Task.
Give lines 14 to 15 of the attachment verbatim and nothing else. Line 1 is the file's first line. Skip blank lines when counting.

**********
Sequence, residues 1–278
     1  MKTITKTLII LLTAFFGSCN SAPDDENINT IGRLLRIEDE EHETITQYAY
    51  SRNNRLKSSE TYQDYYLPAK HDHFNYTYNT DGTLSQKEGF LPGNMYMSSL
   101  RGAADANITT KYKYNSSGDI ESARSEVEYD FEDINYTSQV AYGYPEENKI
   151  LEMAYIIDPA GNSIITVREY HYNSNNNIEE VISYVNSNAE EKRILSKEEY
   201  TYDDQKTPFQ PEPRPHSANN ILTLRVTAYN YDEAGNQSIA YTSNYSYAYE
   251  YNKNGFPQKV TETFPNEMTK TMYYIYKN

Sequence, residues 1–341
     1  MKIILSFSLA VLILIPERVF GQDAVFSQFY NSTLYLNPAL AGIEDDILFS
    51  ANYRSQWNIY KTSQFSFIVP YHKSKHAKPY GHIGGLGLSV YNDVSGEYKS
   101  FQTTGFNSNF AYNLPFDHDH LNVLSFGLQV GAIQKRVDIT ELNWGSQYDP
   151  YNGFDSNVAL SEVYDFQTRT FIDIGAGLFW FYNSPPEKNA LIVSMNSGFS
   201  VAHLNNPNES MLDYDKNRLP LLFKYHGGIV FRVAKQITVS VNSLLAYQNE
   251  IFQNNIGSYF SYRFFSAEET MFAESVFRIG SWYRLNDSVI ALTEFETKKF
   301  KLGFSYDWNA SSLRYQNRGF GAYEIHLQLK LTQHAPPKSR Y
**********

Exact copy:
   251  IFQNNIGSYF SYRFFSAEET MFAESVFRIG SWYRLNDSVI ALTEFETKKF
   301  KLGFSYDWNA SSLRYQNRGF GAYEIHLQLK LTQHAPPKSR Y